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POPULAR SCIENCE MONTHLY

SOME ETHICAL ASPECTS OF MENTAL ECONOMY
By Professor FREDERICK E. BOLTON

STATE UNIVERSITY OF IOWA

TO be economical of one's powers makes for efficiency; to be prodigal, makes for inefficiency. To be efficient in life is the highest ethics. To be inefficient because of prodigality is to be immoral.

It will be observed that in this discussion I follow the Aristotelian conception of ethics as a practical science, rather than as a theoretical science. The object of the discussion is to consider certain modes of mental life, to evaluate them, and to offer a few guiding suggestions for the proper conduct of life.

Professor Paulsen has compared this view of ethics with the science of medicine, which he says, "instructs us to solve the problems of corporeal life, to the end that the body may perform all its functions in a healthy manner during its natural existence; while ethics, basing itself on the knowledge of human nature in general, especially of its spiritual and social side, aims to solve all the problems of life so that it may reach its fullest, most beautiful and most perfect development. We might, therefore," he concludes, "call ethics universal dietetics, to which medicine, and all the other technologies, like pedagogy, politics, etc., are related as special parts, or as auxiliary sciences." ("A System of Ethics," p. 2.) The purpose of ethics, then, is "to determine the end of life, or the highest good, and to point out the way or the means of realizing it."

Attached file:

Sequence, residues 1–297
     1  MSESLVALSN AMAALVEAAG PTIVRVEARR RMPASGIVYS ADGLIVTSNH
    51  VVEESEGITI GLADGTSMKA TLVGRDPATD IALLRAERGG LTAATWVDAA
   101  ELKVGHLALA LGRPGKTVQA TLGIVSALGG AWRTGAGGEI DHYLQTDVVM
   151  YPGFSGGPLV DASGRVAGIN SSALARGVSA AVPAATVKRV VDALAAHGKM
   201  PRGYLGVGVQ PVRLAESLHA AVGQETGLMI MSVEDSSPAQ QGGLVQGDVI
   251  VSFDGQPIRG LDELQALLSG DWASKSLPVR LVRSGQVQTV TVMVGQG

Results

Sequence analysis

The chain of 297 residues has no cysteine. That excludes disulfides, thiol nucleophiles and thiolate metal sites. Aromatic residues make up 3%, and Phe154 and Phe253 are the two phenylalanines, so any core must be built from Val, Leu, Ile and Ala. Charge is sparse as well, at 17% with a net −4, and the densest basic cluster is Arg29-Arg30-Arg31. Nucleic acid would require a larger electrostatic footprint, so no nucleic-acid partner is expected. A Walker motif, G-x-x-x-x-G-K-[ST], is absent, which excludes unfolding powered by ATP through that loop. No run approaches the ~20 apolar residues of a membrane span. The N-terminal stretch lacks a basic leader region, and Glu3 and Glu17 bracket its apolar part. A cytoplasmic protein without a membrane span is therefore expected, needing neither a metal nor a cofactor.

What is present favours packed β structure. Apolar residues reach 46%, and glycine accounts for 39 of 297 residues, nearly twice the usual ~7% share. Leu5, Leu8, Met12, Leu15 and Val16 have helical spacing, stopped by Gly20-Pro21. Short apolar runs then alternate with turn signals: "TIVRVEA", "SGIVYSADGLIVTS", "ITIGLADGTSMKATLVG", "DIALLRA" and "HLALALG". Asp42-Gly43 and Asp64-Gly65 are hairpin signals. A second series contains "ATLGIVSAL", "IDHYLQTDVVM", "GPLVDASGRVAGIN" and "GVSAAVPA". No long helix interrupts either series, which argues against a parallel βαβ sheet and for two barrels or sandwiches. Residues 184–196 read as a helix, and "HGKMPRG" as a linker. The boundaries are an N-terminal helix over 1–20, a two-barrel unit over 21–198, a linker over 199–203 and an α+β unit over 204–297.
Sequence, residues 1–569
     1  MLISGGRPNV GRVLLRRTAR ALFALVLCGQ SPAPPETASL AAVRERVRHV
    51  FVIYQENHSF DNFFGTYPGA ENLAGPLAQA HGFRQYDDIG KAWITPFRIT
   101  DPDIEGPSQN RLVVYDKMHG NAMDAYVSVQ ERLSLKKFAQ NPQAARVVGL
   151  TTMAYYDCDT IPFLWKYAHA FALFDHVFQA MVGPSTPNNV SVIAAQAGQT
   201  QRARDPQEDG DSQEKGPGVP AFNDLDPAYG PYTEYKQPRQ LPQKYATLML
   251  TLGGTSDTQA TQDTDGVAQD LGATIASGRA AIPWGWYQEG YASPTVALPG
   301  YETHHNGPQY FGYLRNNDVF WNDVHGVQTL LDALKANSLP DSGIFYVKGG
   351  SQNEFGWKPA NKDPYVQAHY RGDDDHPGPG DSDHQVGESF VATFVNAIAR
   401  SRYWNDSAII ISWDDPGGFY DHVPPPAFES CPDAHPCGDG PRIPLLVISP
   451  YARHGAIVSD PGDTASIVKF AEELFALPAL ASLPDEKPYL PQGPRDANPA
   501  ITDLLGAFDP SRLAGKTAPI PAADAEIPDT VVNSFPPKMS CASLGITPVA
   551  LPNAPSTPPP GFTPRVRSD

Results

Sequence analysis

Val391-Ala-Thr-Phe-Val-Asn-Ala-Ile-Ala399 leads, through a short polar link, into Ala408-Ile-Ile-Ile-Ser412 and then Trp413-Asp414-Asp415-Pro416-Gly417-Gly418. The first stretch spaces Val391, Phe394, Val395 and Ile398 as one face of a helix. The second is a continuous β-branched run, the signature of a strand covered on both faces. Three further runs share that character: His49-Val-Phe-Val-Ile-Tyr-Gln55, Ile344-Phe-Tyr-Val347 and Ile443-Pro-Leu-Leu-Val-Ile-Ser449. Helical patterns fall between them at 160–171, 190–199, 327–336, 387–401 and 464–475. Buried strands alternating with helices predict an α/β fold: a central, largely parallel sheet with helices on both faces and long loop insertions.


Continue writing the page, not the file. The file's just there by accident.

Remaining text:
This much by way of definition is given preliminary to my discussion of mental economy as a phase of ethics, in order to justify my treatment when I seem to digress from the immediate consideration of right and wrong and to discuss questions which might properly be also catalogued under pedagogy or mental hygiene.

All will agree that no life is most nobly lived unless it has secured the complete unfoldment of the richest inheritances bequeathed by ancestry; unless it has appropriated environment in such a way as to secure the limits of individual advancement; unless it has rendered the utmost possible service to society. To fail in these particulars is to be prodigal and uneconomical. To be uneconomical is to be unethical. The world is full of work to be done, problems to be solved, which are of proportions never before assumed. To meet these duties and responsibilities requires the highest products of intellectual evolution, keen and broad sympathies, and vigorous, sustained will-impulses.

To live completely and ethically, every one should accomplish more